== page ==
An editor I know got a disturbing phone call recently. She was interested in publishing a young adult coming-of-age novel about an Irish Catholic girl and had sent it to a paperback house to see if they might want to buy those rights. The paperback editor, I am told, was disturbed. She loved it; though neither Irish nor Catholic, she was very moved by the story. Her boss, though, turn edit down. "Irish Catholic is not multicultural," she was told with the force of a papal bull. When I heard this story and thought of the Jewish, black, and Latino high schools I went to -- in which there was nothing more exotic than Irish Catholics -- I realized it was time to tune up the old word processor and try to define exactly what "multicultural" means to me.
In a way, the paperback house can be forgiven its foolishness: they were reporting what they find in the market, not what they believe to be true. And, in reality, many reviewers, librarians, teachers, parents, and teenagers do confine the "multi" in "multicultural" to third world, non-white, "oppressed" people. Sometimes they grant a variance for Appalachian poor whites, or for Jews from 1939 to 1945, or -- in a triumph of ideological prestidigitation --women. The fact that "third world" is now a meaningless term, that "white" erases differences as fatal as Catholic and Protestant Northern Irish (not to speak of Serb and Croat), and that the line between oppressed and oppressor shifts radically when, say, you consider what to write about female circumcision, somehow eludes the monitors of ethnic purity.
This view of multiculturalism is a political position, not an aesthetic or educational one. It seeks literature that will, as one advocate argued at a recent NCTE meeting, challenge the dominant power structure. If one views the world as made up of a hegemonic, gendered, racially and economically dominant power structure and its victims, then it is of utmost importance to have literature by the victims. Their voices serve to undermine a ruling ideology and supplant it with a new one; the guarantee of the "authenticity" of their voices is their membership in the groups they write about. The politics of oppression divides the world, and "multi" comes to mean "other than dominant."I have a far more radical view to propose. If they split the world into black and white billiard balls, I seek to free the subatomic chaos within both.
Within all of us are stereotypical patterns and inversions of them. We have traits similar to others of whatever set of groups we fit and resistances to them; we both incarnate and transcend the set of characteristics we fit on a census sheet. It is that personal, fluid yet at times explosive, maelstrom that literature can capture. The "multi" in "multicultural" is, at its best, the many selves within each of us, not our melanin count or epicanthic folds.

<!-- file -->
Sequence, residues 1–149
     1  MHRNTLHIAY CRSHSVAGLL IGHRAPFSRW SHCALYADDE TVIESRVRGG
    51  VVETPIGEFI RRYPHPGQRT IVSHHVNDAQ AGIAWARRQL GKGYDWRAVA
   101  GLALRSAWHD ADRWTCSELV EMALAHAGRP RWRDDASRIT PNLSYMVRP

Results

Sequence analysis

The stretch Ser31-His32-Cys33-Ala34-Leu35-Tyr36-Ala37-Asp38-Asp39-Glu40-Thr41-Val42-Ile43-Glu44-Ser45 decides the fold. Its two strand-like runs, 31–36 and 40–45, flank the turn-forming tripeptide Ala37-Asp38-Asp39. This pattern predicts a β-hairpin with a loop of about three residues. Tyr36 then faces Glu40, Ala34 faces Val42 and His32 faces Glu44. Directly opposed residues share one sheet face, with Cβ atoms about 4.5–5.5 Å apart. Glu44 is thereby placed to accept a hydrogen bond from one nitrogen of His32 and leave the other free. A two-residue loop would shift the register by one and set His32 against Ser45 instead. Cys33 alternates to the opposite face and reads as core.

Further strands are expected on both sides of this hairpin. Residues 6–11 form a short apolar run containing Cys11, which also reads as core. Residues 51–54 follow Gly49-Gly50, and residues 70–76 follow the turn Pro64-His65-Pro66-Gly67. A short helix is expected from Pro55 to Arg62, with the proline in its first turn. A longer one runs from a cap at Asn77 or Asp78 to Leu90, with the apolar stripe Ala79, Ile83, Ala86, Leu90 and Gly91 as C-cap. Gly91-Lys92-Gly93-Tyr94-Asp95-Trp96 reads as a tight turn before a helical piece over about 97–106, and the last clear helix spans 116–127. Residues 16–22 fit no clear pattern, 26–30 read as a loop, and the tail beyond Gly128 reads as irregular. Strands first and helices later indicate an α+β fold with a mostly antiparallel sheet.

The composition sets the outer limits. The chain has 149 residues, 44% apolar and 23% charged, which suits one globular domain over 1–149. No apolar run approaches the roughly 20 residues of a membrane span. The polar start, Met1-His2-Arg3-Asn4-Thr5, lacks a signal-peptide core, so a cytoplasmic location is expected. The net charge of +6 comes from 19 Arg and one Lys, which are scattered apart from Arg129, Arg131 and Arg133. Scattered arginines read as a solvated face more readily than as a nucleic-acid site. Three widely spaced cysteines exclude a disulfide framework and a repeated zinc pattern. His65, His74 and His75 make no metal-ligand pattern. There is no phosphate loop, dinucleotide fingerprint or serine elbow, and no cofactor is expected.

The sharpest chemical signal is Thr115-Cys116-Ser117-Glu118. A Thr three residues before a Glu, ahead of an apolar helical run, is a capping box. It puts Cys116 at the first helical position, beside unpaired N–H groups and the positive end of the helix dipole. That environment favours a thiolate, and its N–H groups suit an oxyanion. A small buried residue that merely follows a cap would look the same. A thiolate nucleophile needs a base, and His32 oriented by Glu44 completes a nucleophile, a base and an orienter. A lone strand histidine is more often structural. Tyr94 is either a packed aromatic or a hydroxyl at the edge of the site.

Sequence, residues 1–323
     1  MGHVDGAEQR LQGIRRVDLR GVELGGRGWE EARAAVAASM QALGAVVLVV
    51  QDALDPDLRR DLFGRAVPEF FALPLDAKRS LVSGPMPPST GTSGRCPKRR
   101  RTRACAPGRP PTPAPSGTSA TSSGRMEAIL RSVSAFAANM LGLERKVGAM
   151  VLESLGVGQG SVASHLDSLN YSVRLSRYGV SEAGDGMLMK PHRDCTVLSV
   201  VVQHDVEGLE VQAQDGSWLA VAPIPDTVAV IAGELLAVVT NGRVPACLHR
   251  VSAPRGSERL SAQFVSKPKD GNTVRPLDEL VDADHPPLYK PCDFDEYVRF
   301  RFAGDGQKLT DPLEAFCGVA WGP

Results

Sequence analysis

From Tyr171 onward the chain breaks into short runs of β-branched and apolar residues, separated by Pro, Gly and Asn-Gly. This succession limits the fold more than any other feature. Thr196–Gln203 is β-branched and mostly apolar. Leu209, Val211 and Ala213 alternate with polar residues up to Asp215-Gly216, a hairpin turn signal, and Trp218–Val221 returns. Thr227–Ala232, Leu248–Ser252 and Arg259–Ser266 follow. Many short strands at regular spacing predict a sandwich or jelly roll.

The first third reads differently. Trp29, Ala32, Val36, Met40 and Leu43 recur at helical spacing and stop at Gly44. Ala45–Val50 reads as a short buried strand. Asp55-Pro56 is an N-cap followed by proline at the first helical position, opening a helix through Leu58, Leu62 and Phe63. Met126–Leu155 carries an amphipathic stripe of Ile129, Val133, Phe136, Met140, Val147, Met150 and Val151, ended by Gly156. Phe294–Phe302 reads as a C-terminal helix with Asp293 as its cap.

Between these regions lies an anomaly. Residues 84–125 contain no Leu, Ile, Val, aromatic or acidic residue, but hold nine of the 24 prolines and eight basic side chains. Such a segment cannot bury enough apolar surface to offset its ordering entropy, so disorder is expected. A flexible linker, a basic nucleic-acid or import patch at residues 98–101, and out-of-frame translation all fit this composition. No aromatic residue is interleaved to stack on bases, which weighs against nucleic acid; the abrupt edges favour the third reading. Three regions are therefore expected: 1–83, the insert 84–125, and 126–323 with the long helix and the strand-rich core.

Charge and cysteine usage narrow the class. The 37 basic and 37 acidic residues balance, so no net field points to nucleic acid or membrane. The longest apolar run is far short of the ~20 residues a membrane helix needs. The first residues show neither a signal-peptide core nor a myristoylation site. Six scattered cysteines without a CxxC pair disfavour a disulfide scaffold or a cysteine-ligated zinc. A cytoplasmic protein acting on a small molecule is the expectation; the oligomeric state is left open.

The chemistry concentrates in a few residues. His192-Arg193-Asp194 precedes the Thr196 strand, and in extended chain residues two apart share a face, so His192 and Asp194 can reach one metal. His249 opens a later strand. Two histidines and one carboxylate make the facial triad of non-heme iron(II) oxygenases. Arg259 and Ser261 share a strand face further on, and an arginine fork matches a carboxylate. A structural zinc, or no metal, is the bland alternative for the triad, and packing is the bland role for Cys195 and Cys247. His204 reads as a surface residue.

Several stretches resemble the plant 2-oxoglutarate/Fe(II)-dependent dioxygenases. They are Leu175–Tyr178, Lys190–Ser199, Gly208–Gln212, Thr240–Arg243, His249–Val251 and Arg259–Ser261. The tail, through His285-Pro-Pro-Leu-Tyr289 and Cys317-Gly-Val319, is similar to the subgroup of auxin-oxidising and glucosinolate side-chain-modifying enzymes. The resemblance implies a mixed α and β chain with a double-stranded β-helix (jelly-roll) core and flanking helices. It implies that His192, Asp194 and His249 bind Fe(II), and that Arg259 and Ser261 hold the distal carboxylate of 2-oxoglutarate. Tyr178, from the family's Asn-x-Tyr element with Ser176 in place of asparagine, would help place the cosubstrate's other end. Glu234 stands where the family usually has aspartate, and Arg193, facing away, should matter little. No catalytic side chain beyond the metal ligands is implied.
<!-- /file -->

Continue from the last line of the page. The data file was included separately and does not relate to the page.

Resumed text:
Our curse in children's books is to get intellectual trends about ten years behind the times. On this one, let's take a quick leap ahead. Some very interesting writing on race, identity, and literature has come from the pen of Harvard professor Kwame Anthony Appiah. In his brilliant In My Father's House (Oxford, 1992), Appiah makes a startling claim. Though he was born of Ghanaian and English parents and is very deeply grounded in the literature not only about but of Africa, he states boldly: "there are no races" (p. 45).Wading through the biological literature, he shows that there is as much genetic variation within anything called a race as between any two such groups. If there is no single set of physical characteristics in a race, how can history have acted on particular groups of people in any defining way? The only possible answer is that race is established by the prejudices of those who seek to define themselves against it. You were black if you had to sit in the back of a bus or live in a township. You are white if your literature is not "multicultural." But this conclusion immediately means that race depends on who experiences it, and that means it is as personal as sexuality or imagination. Of course, prejudice and oppression do exist, but they act on each of us as individuals: it is that personal experience that leads to the best literature.